Today, and for the foreseeable future, a major theme for the majority of firms competing in their respective industry settings is that growth and profitability stems from differentiated products and services.  A recent PowerPoint slide title summed up this reality as: From Mass Markets to Millions of Niches. 

These business and product strategies can be quite effective, but as more and more supply chain teams are discovering, there are implications and new challenges in added demand volatility and in different fulfillment methods for planning the demand-driven supply chain.  Sales and Operations Planning (S&OP) and supply chain teams can be literally overwhelmed with added data but increasingly ineffective in the sensing and planning of product demand.

This is often referred to as the challenge in planning the long-tail of demand.

In its definition of long tail demand Wikipedia notes:

The term long tail has gained popularity in recent times as describing the retailing strategy of selling a large number of unique items with relatively small quantities sold of each—usually in addition to selling fewer popular items in large quantities

The distribution and inventory costs of businesses successfully applying this strategy allow them to realize significant profit out of selling small volumes of hard-to-find items to many customers instead of only selling large volumes of a reduced number of popular items. The total sales of this large number of “non-hit items” is called “the long tail.”

Traditional methodologies of supply chain forecasting and planning methods are often focused on either Pareto or A/B/C classification methods, namely detailed planning associated with the smaller percentage of items that accounted for the significant majority of revenues. Other products would have generalized product family level planning associated with inventory needs.  With the advent of online and Omni-channel commerce fulfillment strategies, orders are now fulfilled from a multiple of different channels. Products are often customized from foundational platforms and demand signals become more variable in intervals.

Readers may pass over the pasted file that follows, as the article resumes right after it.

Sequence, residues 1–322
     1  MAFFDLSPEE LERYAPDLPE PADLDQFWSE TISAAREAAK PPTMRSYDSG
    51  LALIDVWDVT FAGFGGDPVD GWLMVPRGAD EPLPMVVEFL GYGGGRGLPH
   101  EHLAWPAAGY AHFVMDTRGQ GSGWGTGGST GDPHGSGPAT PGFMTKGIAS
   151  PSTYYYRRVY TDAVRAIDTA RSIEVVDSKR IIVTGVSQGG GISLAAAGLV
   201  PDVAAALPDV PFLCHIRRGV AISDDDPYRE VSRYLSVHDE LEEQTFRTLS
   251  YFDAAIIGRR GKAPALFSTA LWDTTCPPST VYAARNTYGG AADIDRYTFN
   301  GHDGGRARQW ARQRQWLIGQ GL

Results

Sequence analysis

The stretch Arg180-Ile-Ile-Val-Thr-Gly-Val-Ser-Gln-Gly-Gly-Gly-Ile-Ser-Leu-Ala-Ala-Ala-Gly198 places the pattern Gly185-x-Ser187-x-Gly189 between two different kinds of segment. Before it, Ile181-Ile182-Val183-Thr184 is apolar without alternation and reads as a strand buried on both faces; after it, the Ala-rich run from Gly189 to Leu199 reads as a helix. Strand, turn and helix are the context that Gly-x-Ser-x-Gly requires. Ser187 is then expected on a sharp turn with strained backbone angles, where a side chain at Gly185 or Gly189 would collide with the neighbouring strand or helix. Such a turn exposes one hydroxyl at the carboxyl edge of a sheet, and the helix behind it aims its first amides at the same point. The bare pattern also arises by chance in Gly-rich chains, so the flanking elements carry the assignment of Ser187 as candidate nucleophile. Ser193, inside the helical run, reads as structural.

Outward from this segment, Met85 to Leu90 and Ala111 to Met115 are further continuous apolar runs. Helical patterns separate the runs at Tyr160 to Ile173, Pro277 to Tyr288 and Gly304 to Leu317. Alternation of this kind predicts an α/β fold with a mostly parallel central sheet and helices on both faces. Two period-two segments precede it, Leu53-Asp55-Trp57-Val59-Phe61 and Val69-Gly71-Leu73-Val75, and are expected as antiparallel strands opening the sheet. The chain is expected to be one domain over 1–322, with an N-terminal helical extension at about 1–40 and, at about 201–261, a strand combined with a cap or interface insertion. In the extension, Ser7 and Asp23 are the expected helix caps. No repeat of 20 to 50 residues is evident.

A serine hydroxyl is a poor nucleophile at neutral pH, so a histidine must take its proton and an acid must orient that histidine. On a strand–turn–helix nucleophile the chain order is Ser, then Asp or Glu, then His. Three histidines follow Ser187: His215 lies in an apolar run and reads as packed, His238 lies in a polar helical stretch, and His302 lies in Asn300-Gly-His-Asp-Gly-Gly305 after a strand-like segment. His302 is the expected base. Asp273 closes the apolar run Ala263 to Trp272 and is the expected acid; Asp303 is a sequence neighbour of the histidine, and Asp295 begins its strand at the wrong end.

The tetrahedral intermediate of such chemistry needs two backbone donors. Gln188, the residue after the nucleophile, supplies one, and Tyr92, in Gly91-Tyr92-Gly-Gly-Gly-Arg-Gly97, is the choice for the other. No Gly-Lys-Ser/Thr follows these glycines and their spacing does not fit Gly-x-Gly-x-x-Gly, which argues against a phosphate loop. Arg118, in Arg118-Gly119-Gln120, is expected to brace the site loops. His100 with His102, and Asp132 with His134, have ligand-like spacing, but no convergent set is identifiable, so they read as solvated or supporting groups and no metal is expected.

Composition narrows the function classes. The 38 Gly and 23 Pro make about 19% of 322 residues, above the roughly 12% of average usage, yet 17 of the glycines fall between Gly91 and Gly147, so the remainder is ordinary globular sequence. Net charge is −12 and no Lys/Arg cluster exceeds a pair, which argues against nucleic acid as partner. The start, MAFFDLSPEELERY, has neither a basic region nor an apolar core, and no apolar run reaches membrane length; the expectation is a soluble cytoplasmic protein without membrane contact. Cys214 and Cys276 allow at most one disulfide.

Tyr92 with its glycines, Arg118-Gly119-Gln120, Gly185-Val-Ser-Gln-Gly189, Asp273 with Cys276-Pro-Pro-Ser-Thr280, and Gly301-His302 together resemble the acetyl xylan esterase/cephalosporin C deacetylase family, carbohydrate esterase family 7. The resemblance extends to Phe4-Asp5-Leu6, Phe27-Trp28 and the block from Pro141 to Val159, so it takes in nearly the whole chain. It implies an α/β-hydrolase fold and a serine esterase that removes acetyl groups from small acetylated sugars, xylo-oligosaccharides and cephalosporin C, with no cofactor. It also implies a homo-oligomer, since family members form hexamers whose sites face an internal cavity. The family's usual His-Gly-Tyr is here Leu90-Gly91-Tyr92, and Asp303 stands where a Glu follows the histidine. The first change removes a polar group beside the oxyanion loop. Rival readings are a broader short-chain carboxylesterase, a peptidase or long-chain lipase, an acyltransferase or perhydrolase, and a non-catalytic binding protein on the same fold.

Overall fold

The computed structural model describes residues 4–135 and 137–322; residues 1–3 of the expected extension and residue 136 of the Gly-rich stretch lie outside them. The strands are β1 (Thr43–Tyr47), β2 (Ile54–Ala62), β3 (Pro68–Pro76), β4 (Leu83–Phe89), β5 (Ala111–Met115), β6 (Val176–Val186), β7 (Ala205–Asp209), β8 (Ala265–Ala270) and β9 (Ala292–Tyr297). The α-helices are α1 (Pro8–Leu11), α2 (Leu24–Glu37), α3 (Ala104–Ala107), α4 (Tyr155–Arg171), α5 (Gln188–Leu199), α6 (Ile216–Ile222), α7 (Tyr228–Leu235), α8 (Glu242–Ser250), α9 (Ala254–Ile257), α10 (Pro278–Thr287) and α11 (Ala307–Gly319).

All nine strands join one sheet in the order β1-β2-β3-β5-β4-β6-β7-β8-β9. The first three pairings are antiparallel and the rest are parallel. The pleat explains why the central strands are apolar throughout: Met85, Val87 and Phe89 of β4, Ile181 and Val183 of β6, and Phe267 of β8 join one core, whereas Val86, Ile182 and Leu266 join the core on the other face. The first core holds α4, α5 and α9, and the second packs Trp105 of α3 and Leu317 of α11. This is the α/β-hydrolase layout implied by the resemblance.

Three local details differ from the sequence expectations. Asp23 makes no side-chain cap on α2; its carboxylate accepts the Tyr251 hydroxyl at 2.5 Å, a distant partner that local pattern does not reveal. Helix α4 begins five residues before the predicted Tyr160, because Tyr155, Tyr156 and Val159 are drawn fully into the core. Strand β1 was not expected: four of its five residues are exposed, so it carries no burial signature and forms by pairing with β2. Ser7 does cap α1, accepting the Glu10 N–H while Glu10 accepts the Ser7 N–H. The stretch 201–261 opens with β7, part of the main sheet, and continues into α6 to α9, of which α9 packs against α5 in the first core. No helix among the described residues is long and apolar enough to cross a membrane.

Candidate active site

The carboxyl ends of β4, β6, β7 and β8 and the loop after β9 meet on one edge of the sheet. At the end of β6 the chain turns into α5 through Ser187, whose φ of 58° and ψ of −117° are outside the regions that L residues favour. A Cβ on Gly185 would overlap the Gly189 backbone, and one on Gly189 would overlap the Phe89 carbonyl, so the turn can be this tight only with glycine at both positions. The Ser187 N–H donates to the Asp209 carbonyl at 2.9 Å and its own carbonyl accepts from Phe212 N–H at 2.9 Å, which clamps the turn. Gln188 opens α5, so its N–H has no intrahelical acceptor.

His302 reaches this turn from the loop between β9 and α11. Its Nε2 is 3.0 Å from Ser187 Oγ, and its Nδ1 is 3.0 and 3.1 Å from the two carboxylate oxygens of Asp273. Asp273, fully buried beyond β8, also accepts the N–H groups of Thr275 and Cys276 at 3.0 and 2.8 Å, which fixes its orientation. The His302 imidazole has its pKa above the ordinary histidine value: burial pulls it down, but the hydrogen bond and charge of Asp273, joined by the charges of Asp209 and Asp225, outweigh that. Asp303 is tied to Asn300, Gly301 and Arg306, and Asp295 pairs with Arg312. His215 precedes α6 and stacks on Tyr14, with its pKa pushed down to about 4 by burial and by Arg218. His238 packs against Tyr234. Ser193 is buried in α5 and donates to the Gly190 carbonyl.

The implications for supply chain planning are significant, and for some, imply an augmented investment in technology.  Attempting to plan long-tail demand via multitudes of Excel spreadsheets is complex, often unwieldy requiring even more extended planning cycle times. More products must be planned at the item or SKU level in order to efficiently control overall inventory needs.  In many cases, where item fill rate performance levels must meet high nineties performance, multi-echelon inventory planning technology can supplement both sales and operations planning (S&OP) and supply chain planning processes in order to efficiently plan overall investment needs among multiple fulfillment channels.

The planning and managing of long-tail demand fulfillment is the strength of supply chain planning technology that caters to distribution-centric supply chain needs.  Of further consideration is a single underlying data model that can support more granular information streams.

From our lens, a supply chain planning provider that best understands and articulates the challenges and needed capabilities for managing long-tail demand is ToolsGroup. This supply chain planning vendor provides some one-minute videos articulating the long-tail challenge (accessed here and here).

ToolsGroup recently sponsored a Consumer Goods Technology hosted webinar on this topic featuring customer Dart Container which is available for on-demand viewing. Additionally, The Innovators Solution, which is a specific ToolsGroup blog, is running a series of blog commentaries related to the takeaways from this webinar.  The Part One commentary can be viewed by clicking here.

The challenges for planning and the consequences of long-tail demand will indeed is on the minds of many supply chain teams.

Does that include your team?

Bob Ferrari

Disclosure: ToolsGroup is a current client of the Ferrari Consulting and Research Group LLC.